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Herbal Landscape : Jean Cozart's yard--even the parkway--features a variety of plants. Her passion extends indoors--to recipes and journals.

September 17, 1993|JUDITH SIMS | TIMES STAFF WRITER; Judith Sims, a Times staff writer, holds a certificate in horticulture from UCLA Extension

CANOGA PARK — "This is Origanum maru , the hyssop mentioned in the Bible," Jean Cozart says, bending to a tall plant. "It's not Hyssopus, what we call hyssop today."

In Cozart's Canoga Park back yard, small brick paths wind around tightly planted areas chock-full of herbs, including a number mentioned in the Bible--butcher's broom, bedstraw, costmary, Cistus laberniferus , Atriplex halimus . She also has golden oregano and eight varieties of thyme, including caraway and lavender.

Her passion extends to the curb: She has planted the parkway with rosemary, lavender and Mexican sage and, when viewed from the street, the parkway and front yard make a seamless herbal landscape leading to the front door.

But the herbs don't stop there. Cozart is also an archivist, with magazines, society journals, notebooks and recipes. "I do a lot of research," she says. An understatement: One bedroom has been converted to an office, but it's really one big file cabinet, the closet crammed with orderly rows of notebooks and magazines, the walls lined with shelves of books, the middle of the room stocked with file cabinets, notebooks, magazines. All of them about herbs.

Stacked on the table in Cozart's dining room are works in progress such as lavender wands, essentially useless but heavenly smelling items made by weaving satin ribbon in and around lavender flower spikes. From a tall cabinet, Cozart takes down glass jar after jar, uncapping potpourris that she has concocted from herbs, spices and flowers: scents of rose geranium, lavender, rose and lemon verbena perfume the air. She shows herb jellies and sachets that she has made with her garden bounty.

"Herbs have been a passion with me for many years," she says. The Chicago native traveled all over the country because her father was a civil engineer for the Illinois Central railroad. "I learned to cook in any language," she says.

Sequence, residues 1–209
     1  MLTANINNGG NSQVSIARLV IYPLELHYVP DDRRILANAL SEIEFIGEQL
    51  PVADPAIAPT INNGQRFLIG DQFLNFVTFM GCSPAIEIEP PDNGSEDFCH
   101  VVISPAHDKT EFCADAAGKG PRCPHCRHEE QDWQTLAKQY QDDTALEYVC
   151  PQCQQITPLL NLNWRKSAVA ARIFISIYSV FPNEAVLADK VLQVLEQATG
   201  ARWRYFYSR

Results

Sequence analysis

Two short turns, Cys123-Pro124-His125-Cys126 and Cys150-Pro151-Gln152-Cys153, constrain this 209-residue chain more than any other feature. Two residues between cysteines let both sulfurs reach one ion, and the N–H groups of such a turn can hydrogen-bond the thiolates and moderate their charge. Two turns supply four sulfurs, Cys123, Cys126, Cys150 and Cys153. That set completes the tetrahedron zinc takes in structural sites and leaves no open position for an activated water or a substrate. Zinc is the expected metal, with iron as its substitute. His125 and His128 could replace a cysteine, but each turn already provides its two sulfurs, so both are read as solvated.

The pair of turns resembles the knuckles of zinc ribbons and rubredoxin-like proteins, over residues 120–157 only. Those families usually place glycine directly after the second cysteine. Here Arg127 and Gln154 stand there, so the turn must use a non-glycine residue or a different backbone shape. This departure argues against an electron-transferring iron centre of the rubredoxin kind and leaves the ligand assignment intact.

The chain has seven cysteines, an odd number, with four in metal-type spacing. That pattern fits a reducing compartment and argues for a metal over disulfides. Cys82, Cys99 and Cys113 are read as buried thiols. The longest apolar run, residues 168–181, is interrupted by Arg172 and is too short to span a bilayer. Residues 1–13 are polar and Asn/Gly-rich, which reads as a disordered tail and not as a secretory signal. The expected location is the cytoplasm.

She kept traveling once she married Aaron Cozart, a miner and cattleman, before settling in Los Angeles in 1943. "I've lived in lumber camps and in mining camps; my husband dredged for cinnabar in Pope Valley, and I cooked for 17 men in a tent."

In 1964, they moved to Canoga Park, where Cozart ripped out the lawn--"I'm allergic to all grasses"--and started on her herb garden. Although she has the basics, of course, she also has culinary plants not found in most nurseries: chocolate mint, grapefruit mint, lemon mint (not a true mint and not the commonly designated lemon mint Monarda citriodora ; this one is Elscholtzia ciliatia ).

"I get them from all over," she says. Her latest acquisition is Hibiscus sabariffa , a tropical plant used to make jamaica, the sweet red drink found at many taco stands. "And my husband just brought me an apple banana, and I have a jasmine sombec, the Chinese jasmine used in tea. I use it in potpourris and to flavor sugar."

An active member of herb societies since 1945 (she recently received an award from the National Herb Society), Cozart does not rest on her herbaceous laurels; she's venturing into spices, with an allspice tree and caper bush. And when she isn't busy in her herb garden, she lectures on 60 different herb subjects.

At 75, she does not seem to be slowing down much. "My grandfather, a scientist and physician, had a wonderful garden; he got me started," she says. "He lived to be 100. I hope I do too."

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